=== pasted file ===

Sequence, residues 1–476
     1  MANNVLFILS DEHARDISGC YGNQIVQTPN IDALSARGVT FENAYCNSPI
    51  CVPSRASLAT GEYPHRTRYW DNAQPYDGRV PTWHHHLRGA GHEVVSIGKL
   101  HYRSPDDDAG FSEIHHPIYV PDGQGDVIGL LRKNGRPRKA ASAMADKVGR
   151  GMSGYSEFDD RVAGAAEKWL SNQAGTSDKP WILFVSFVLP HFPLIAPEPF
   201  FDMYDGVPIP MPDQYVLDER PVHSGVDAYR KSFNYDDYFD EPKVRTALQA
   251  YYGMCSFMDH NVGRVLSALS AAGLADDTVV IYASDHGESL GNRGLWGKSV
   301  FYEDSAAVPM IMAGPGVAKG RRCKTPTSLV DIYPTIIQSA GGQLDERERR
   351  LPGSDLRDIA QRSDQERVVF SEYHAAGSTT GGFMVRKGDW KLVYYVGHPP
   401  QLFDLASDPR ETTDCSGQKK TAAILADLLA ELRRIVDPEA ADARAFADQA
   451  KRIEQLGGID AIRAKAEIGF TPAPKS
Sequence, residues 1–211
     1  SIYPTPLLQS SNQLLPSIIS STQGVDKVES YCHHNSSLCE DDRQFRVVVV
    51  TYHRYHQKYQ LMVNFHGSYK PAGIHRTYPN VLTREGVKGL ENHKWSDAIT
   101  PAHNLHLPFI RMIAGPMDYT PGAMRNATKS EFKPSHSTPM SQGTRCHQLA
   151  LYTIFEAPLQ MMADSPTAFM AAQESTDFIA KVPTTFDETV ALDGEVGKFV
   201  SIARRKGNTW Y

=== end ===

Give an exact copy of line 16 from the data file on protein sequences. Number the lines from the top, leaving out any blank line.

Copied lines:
   151  LYTIFEAPLQ MMADSPTAFM AAQESTDFIA KVPTTFDETV ALDGEVGKFV